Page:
Recently I have developed a slight obsession with the television series Game of Thrones. (I may or may not have finished the whole series in less than 2 weeks…) For those who don’t know about this fantastically amazing series, Game of Thrones is based off George R. R. Martin’s A Song of Ice and Fire book series. As with most things, Biblical allusions can be found in this TV show, even if they aren’t completely obvious at first.
For those of you who haven’t watched the series, here’s a quick summary of first two seasons:
The Whore of Babylon
“Then one of the seven angels who had the seven bowls came and said to me, ‘Come, I will show you the judgment of the great prostitute who is seated on many waters, with whom the kings of the earth have committed sexual immorality, and with the wine of whose sexual immorality the dwellers on earth have become drunk.’ And he carried me away in the Spirit into a wilderness, and I saw a woman sitting on a scarlet beast that was full of blasphemous names, and it had seven heads and ten horns. The woman was arrayed in purple and scarlet, and adorned with gold and jewels and pearls, holding in her hand a golden cup full of abominations and the impurities of her sexual immorality.” Revelations 17:1-4
Melisandre, or the Red Woman, can be seen as a direct example of what most people refer to as the whore of Babylon, who is mentioned Revelations chapter 17. In the show, “Melisandre is a Red Priestess of the Lord of Light, a deity little-worshiped in Westeros. Hailing from Asshai, a county located in the far east of the continent of Essos, she claims to wield powerful magical abilities, particularly the power of prophecy. Some years ago she crossed the Narrow Sea and came to the court of Stannis Baratheon on the island stronghold of Dragonstone, to preach her faith. Stannis and the majority of his household have now converted to her religion, and she has become a close adviser to Stannis himself.” (Melisandre). Throughout seasons 2 and 3, she frequently uses her mysterious powers as a priestess to seemingly help Stannis Baratheon, the brother of the dead king. There are several instances where she does several questionable or outright terrifying things. One case is where she convinces that in order to win the war, Stannis must betray his wife and impregnate Melisandre in order for her to birth a mysterious shadow thing that will ultimately kill his other brother, Renly. She also has many people burned as sacrifices to the Lord of Light that she claims to serve, convinces Stannis to arrest anyone who questions her, and kidnaps Stannis’ illegitimate nephew in order to use his blood to kill his enemies. In the series, it is clear that she has clouded Stannis’ judgment, although her true motives are not known at this point in time. But, if she has any connection to the woman mentioned in Revelations, she will more than likely ultimately betray Stannis at some point.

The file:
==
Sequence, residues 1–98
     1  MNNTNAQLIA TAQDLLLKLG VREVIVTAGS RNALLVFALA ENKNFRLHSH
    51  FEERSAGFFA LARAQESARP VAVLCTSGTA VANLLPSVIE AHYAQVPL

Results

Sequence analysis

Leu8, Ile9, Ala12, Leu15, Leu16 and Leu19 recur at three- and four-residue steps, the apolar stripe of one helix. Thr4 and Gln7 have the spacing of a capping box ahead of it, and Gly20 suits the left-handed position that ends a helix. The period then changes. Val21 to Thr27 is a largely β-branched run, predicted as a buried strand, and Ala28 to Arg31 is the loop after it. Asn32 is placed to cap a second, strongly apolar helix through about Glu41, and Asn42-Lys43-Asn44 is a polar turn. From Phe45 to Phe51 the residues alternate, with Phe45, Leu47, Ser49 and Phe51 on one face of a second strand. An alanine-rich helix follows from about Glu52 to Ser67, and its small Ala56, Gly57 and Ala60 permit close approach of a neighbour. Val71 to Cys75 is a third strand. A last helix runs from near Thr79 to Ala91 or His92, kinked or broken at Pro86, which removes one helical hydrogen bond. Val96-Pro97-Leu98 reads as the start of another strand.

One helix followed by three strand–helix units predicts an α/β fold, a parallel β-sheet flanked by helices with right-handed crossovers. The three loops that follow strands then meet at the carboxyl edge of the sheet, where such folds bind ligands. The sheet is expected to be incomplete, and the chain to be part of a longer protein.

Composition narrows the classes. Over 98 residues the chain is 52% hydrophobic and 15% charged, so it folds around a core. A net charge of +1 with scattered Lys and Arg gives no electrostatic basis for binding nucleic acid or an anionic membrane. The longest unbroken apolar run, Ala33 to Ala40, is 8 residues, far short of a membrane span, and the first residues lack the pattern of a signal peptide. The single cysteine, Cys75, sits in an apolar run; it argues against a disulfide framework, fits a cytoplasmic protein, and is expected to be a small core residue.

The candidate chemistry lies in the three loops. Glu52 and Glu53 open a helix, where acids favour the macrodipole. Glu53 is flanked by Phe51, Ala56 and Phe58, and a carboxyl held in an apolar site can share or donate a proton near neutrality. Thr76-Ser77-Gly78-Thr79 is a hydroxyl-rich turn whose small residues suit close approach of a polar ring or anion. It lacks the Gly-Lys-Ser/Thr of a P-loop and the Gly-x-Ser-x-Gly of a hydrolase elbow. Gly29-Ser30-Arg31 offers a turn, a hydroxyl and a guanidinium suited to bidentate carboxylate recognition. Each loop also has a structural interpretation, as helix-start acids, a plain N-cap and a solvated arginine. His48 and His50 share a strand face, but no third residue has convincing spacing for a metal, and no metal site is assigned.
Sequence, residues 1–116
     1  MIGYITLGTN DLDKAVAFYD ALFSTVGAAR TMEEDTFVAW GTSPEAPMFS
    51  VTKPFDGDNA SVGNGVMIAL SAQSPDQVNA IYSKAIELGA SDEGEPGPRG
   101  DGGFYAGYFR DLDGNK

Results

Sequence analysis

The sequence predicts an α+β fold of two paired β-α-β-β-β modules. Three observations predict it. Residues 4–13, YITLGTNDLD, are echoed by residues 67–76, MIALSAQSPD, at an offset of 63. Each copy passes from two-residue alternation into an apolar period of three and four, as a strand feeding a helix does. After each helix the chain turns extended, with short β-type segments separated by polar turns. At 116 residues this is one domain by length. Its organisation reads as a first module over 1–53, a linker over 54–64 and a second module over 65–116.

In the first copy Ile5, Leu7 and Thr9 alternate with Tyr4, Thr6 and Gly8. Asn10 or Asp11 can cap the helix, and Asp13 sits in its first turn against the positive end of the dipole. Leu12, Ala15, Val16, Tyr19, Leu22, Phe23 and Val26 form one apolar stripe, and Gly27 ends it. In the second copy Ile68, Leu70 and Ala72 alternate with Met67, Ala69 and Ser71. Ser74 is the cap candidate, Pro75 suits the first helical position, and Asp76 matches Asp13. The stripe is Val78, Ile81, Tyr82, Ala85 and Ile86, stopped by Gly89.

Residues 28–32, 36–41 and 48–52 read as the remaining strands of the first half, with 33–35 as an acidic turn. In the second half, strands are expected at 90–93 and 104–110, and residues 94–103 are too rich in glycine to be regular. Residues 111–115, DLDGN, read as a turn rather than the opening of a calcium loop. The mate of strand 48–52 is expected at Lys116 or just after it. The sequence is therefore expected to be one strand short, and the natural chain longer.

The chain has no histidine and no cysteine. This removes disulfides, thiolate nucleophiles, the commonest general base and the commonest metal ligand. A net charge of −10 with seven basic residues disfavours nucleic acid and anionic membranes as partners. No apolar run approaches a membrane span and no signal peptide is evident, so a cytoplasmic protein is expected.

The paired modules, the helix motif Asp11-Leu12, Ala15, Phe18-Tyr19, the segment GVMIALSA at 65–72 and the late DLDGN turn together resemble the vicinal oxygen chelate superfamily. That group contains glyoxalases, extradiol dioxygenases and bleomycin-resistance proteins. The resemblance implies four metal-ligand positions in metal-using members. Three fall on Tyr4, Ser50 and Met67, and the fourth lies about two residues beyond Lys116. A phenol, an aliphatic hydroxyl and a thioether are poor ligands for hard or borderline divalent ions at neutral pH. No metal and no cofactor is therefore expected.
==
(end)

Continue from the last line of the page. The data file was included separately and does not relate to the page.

The Slaughter of the Innocents
“The Herod, when he saw that he had been tricked by the wise men, became furious, and he sent and killed all the male children in Bethlehem and in all that region who were two years old or under, according the time that he had ascertained from the wise men.” Matthew 2:16
After the death of his “father” Robert Baratheon, Joffrey takes the throne, much to everyone’s dismay. As Joffrey begins his role as king of Westeros, it becomes apparent that his is cruel, ruthless, and merciless. After hearing rumors about his true parentage, Joffrey, afraid that he will lose his throne, orders the City Watch to murder all of Robert’s illegitimate children (Joffrey Baratheon). This can be seen as a direct allusion to Herod’s Slaughter of the Innocents. This allusion goes even further, since one boy, Gendry, manages to escape the slaughter, as does Jesus. It is unclear at this time whether or not Gendry will be any threat to Joffrey.
After reading through all four gospels, by this point we all know who Judas was and why he’s important. While there are several betrayals throughout the series, one of the most prominent ones is Petyr Baelish’s betrayal of Eddard Stark. After realizing that Joffrey is not Robert’s true heir, Eddard enlists the help of Petyr in order to install Robert’s brother Stannis on the throne instead of Joffrey. However, when Eddard makes his move after Robert’s death, Petyr, who is in control of the City Watch, turns on him, kills Eddard’s guards, and holds a knife to Eddard’s throat (Petyr Baelish). He then convinces Joffrey to imprison Eddard by telling him that he plans to take away his throne. This betrayal ultimately leads to Eddard Stark’s execution. Like Judas, Petyr betrays someone who seemed to be a friend in order to gain something. However, unlike Judas, Petyr betrays Eddard in order to have a chance with his wife, who was his childhood crush.
There are several other Biblical allusions in the series other than the three I mentioned. From Melisandre as the whore of Babylon, to Joffrey’s version of the slaughter of the innocents, to Petyr’s Judas-like betrayal of Eddard, Biblical allusions add a deeper understanding to the plot of the series.